however, you shall not: do anything likely to impair, interfere with or damage or cause harm or distress to any persons, or the network; do anything that will infringe any Intellectual Property Rights or other rights of Mondaq or any third party; or use the Website, Services and/or Content otherwise than in accordance with these Terms; use any trade marks or service marks of Mondaq or the Contributors, or do anything which may be seen to take unfair advantage of the reputation and goodwill of Mondaq or the Contributors, or the Website, Services and/or Content.

Mondaq reserves the right, in its sole discretion, to take any action that it deems necessary and appropriate in the event it considers that there is a breach or threatened breach of the Terms.

Mondaq’s Rights and Obligations

Unless otherwise expressly set out to the contrary, nothing in these Terms shall serve to transfer from Mondaq to you, any Intellectual Property Rights owned by and/or licensed to Mondaq and all rights, title and interest in and to such Intellectual Property Rights will remain exclusively with Mondaq and/or its licensors.

Mondaq shall use its reasonable endeavours to make the Website and Services available to you at all times, but we cannot guarantee an uninterrupted and fault free service.

Mondaq reserves the right to make changes to the services and/or the Website or part thereof, from time to time, and we may add, remove, modify and/or vary any elements of features and functionalities of the Website or the services.

Mondaq also reserves the right from time to time to monitor your Use of the Website and/or services.


The Content is general information only. It is not intended to constitute legal advice or seek to be the complete and comprehensive statement of the law, nor is it intended to address your specific requirements or provide advice on which reliance should be placed. Mondaq and/or its Contributors and other suppliers make no representations about the suitability of the information contained in the Content for any purpose. All Content provided "as is" without warranty of any kind. Mondaq and/or its Contributors and other suppliers hereby exclude and disclaim all representations, warranties or guarantees with regard to the Content, including all implied warranties and conditions of merchantability, fitness for a particular purpose, title and non-infringement. To the maximum extent permitted by law, Mondaq expressly excludes all representations, warranties, obligations, and liabilities arising out of or in connection with all Content. In no event shall Mondaq and/or its respective suppliers be liable for any special, indirect or consequential damages or any damages whatsoever resulting from loss of use, data or profits, whether in an action of contract, negligence or other tortious action, arising out of or in connection with the use of the Content or performance of Mondaq’s Services.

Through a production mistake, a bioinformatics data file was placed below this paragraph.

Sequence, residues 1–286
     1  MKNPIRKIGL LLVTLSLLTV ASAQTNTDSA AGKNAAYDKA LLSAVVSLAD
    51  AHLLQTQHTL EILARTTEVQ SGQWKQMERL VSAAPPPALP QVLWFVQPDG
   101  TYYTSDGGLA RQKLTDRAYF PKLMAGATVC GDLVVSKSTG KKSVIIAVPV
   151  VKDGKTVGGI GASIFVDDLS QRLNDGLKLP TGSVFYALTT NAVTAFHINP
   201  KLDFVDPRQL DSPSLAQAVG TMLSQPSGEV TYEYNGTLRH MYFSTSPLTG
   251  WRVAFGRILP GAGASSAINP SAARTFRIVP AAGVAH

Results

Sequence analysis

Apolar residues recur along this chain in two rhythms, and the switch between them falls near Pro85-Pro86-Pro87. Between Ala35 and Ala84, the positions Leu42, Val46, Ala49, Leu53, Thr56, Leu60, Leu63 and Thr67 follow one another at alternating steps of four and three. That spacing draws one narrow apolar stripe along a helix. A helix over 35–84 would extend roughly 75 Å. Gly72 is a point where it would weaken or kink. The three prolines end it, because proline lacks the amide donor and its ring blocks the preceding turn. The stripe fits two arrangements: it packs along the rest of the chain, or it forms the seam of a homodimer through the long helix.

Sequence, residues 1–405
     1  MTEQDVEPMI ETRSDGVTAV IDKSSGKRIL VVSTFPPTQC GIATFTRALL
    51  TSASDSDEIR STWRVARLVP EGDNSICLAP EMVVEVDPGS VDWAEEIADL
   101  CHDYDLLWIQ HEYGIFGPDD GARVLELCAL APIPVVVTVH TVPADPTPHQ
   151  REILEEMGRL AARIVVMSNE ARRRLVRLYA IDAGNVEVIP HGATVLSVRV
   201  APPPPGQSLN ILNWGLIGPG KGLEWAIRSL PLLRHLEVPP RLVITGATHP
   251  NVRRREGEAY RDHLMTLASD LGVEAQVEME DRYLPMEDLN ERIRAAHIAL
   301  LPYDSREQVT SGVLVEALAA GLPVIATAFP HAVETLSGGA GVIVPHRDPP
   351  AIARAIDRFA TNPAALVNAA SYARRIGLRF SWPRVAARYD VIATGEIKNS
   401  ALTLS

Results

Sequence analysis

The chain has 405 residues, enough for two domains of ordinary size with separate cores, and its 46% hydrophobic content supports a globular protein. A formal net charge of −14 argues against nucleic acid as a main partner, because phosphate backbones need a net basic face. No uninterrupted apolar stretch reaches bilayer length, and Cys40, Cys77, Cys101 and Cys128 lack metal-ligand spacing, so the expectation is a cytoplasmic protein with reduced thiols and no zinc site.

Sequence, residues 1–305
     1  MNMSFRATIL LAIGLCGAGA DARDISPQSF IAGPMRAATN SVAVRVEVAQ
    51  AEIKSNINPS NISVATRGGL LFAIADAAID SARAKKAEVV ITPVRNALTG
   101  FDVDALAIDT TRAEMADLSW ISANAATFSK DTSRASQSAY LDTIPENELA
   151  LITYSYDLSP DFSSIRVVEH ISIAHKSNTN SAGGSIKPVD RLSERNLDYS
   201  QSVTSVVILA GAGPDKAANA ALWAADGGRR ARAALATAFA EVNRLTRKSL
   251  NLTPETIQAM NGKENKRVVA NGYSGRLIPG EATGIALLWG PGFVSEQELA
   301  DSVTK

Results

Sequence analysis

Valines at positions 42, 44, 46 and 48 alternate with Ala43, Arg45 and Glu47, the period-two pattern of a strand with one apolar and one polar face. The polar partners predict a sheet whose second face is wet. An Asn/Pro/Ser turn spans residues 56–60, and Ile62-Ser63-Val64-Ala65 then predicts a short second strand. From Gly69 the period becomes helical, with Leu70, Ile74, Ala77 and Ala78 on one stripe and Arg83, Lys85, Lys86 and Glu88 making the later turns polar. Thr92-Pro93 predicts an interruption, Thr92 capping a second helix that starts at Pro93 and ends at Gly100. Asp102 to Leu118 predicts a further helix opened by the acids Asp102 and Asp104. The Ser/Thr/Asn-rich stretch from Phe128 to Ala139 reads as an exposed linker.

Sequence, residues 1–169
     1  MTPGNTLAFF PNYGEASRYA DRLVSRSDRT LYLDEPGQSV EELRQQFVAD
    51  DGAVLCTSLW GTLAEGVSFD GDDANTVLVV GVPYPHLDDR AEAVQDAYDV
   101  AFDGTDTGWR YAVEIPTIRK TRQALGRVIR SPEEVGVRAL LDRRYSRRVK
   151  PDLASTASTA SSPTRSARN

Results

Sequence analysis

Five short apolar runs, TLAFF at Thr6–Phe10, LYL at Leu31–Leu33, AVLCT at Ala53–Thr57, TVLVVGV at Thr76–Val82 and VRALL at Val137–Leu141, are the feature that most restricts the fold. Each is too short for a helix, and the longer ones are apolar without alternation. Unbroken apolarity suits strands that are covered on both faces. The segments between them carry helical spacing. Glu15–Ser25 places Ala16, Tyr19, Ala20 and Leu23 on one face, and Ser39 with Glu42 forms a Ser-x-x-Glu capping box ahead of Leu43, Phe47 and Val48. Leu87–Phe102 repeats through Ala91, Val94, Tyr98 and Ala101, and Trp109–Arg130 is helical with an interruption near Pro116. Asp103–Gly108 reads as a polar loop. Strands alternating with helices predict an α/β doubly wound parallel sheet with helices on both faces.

Mondaq may alter or amend these Terms by amending them on the Website. By continuing to Use the Services and/or the Website after such amendment, you will be deemed to have accepted any amendment to these Terms.

These Terms shall be governed by and construed in accordance with the laws of England and Wales and you irrevocably submit to the exclusive jurisdiction of the courts of England and Wales to settle any dispute which may arise out of or in connection with these Terms. If you live outside the United Kingdom, English law shall apply only to the extent that English law shall not deprive you of any legal protection accorded in accordance with the law of the place where you are habitually resident ("Local Law"). In the event English law deprives you of any legal protection which is accorded to you under Local Law, then these terms shall be governed by Local Law and any dispute or claim arising out of or in connection with these Terms shall be subject to the non-exclusive jurisdiction of the courts where you are habitually resident.

You may print and keep a copy of these Terms, which form the entire agreement between you and Mondaq and supersede any other communications or advertising in respect of the Service and/or the Website.

No delay in exercising or non-exercise by you and/or Mondaq of any of its rights under or in connection with these Terms shall operate as a waiver or release of each of your or Mondaq’s right. Rather, any such waiver or release must be specifically granted in writing signed by the party granting it.

If any part of these Terms is held unenforceable, that part shall be enforced to the maximum extent permissible so as to give effect to the intent of the parties, and the Terms shall continue in full force and effect.

Mondaq shall not incur any liability to you on account of any loss or damage resulting from any delay or failure to perform all or any part of these Terms if such delay or failure is caused, in whole or in part, by events, occurrences, or causes beyond the control of Mondaq. Such events, occurrences or causes will include, without limitation, acts of God, strikes, lockouts, server and network failure, riots, acts of war, earthquakes, fire and explosions.

By clicking Register you state you have read and agree to our Terms and Conditions